Skin cancer surgeon John B. Harris, MD, diagnoses basal cell carcinoma with a skin cancer biopsy and BCC surgery in Jacksonville, FL
We diagnose basal cell carcinoma with a skin cancer biopsy then remove the basal cell cancer with MOFS surgery (Multiple Oriented Frozen Section) surgery, or if necessary, the use of Mohs pathology. We’re happy to discuss this with you during the decision-making phase of your treatment.
What is basal cell carcinoma?
A basal cell carcinoma:
- Is the most common type of skin cancer
- Represents almost 75% of the 1M new skin cancers diagnosed in the U.S. annually
- Tends to grow very slowly and very rarely spreads to other parts of the body
- Tends to grow locally and can cause significant tissue damage and destruction through its direct extension if not completely surgically removed
Risk factors include:
- Chronic sun exposure
- Indoor tanning
- Fair complexion
- Previous exposure to radiation treatment
The most common appearance of basal cell carcinoma is:
- A non-pigmented nodule with a central depression area and surrounding rolled up border
- A possible scaling lesion with ulceration and bleeding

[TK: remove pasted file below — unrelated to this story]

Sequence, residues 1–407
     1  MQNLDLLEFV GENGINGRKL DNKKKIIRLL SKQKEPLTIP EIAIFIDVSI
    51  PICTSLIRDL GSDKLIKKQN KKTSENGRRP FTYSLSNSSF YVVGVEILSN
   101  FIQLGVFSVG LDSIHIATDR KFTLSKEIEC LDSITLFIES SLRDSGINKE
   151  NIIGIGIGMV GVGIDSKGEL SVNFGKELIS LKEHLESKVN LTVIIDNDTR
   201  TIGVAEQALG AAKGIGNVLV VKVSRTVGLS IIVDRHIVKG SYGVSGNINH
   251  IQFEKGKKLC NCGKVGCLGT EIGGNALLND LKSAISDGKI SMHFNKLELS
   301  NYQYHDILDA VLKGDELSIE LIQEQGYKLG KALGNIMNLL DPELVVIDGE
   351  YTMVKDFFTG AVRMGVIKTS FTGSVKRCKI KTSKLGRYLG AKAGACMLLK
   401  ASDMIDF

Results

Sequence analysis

Most basal cell cancers may be removed at the FSCC with standard surgical excision with permanent pathology to ensure complete removal. For large basal cell cancers and those occurring on the face, your FSCC surgeon may recommend MOFS surgery (Multiple Oriented Frozen Section surgery), or if necessary, Mohs pathology to ensure complete removal.
How is basal cell carcinoma diagnosed?
To diagnose basal cell carcinoma, the surest way is to perform a punch biopsy of the suspicious lesion for histopathological interpretation. The pathologist or dermatopathologist will evaluate your biopsy under the microscope to determine the results. Dr. Harris prefers a punch biopsy diagnosis versus a shave biopsy because the latter may leave large scars, which would be unnecessary if the biopsy is negative for basal cell cancer. Shaved biopsies also leave large areas of redness while healing, making the delineation of the area for skin cancer removal more difficult and may result in longer incisions.
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FSCC physicians speak to nonprofit, community, and corporate groups about the incidence of skin cancer and the importance of screening.